3) The developed countries had already started phasing out R22 therefore it is not logical (economically) for the manufactuers to produce the same model of airconditiones using both R22 and R410A for all the markets.

How abt us? As consumers?
1) Will it be a risk to purchase the R410A now?
Basically, now in market most inverters use R410A while most non inverter are still using R22. But we will be seeing much more of R410A air conditioners in very near future especially with the ever increasing regulations on energy efficiency labels.

2)Will it be very expensive to 'refill' the R410A?
YES! Currently it is about 2 times more expensive than R22. Producing R410A requires more expensive raw materials, more manufacturing processes, and are still not having a production quantity that of R22. But as the Montreal Protocol takes effect on the developed countries and on a later time the developing countries, the trend will shift.
BUT wait!!! Why should there be a need to 'refill' or charge your airconditioner with R410A? or R22??
Both the refridergants do not 'used up' over the time like petrol in cars, the only reason why you should ever refill is because there is some kind of leakage in your piping system or it was not sufficiently charged in the first place.

So how now??? Get a R22?
My answer? Yes...go for R410A. For the environment.


Why R410A?
1) Environmental Friendly!!!!!!!!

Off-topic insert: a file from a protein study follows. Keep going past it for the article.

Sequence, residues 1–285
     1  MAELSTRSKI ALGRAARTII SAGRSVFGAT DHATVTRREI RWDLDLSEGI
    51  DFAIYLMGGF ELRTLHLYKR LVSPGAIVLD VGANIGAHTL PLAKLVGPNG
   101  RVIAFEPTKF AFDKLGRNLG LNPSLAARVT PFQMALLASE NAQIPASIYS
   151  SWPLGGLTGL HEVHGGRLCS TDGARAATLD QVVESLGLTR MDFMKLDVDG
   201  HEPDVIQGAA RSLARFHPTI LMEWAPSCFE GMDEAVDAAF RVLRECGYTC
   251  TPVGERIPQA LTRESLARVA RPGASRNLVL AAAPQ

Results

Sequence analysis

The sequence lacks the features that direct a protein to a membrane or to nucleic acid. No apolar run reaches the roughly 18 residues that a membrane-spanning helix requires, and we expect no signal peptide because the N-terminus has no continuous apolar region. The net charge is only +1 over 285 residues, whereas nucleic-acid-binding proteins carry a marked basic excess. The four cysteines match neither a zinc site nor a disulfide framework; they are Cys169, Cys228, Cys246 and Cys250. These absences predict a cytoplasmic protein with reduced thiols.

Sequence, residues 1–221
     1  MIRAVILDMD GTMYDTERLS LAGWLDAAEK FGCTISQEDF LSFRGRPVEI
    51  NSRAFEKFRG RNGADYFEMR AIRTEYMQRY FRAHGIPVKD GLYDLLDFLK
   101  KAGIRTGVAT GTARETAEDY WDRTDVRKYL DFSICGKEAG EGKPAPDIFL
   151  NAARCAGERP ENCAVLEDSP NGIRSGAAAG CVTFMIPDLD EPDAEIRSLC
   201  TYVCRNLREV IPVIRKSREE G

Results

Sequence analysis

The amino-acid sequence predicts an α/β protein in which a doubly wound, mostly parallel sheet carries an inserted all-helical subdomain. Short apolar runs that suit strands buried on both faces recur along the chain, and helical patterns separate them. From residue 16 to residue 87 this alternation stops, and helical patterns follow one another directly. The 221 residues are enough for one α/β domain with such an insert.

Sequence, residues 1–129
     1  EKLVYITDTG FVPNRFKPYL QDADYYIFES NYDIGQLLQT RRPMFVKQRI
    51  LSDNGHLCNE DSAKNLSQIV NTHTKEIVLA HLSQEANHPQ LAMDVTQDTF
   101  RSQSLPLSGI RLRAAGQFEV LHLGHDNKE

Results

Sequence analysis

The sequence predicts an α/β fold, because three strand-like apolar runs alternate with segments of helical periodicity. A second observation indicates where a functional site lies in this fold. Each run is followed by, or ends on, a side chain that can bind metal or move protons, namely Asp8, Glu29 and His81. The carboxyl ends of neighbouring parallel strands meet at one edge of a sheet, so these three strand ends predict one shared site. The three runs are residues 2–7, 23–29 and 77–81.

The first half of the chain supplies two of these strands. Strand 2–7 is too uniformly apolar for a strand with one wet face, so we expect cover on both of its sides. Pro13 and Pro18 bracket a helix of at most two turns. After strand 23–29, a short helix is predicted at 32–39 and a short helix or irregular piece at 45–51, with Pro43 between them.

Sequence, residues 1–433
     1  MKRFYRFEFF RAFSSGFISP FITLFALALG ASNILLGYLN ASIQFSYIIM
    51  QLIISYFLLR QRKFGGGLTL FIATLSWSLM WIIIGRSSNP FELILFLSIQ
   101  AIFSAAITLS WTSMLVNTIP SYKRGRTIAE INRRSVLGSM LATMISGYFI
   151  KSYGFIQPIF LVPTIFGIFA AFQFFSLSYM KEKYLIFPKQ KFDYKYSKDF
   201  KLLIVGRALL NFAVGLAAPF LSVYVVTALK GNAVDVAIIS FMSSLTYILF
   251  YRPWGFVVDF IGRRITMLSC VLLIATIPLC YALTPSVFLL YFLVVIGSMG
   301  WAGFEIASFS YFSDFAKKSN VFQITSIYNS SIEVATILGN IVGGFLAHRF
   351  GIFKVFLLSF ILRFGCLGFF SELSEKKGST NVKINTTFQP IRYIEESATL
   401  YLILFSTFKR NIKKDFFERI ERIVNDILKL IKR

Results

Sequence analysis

R22 is a Hydrochlorofluorocarbons (HCFCs), which is an Ozone Depleting Substance.

2) More Energy Efficient
Airconditioners using R410A usually have slightly better EER than those using R22.

3) More Reliable.
Airconditioners using R410A are designed for heavier duty and has a thicker compressor shell as compared to airconditioners using R22.

4) Slightly Quieter.
The parts generally smaller and sturdier thus has less vibrations.

5) 'Cleaner' Piping system
Most of the airconditioners using R410A has an additional device called “filter drier”. Its purpose is to filters, cleans, and dries the refrigerant and oil as 'moves' through the piping system.

Finally
1) Manufactuers will usually recommend that the installers and technicans be trained in installing, handling and servicing R410A and its equipment.
2) It will be advisable for you as a consumer to request to see the installers or technicans certification so to ensure they have gone through proper training and have the ability to install or service your unit properly.


Links to Montreal Protocol (General )
United Nations Environmental Programme (Main Website for Montreal Protocol)
http://ozone.unep.org/Treaties_and_Ratification/2B_montreal_protocol.asp
** U can download the Full Text of Montreal Protocol from the link below the above website

Alternative Flurocarbon Enviromental Acceptability Study
http://www.afeas.org/montreal_protocol.html

TheOzoneHole
http://www.theozonehole.com/montreal.htm

United Nations Development Programme
http://www.undp.org/montrealprotocol/montreal_new1.htm

US Environmental Protection Agency
www.epa.gov/ozone/record/downloads/Appendices.pdf (PDF)

Links to Montreal Protocal (Singapore Obligations)
Ministry of the Environment and Water Resources
http://app.mewr.gov.sg/press.asp?id=SAS598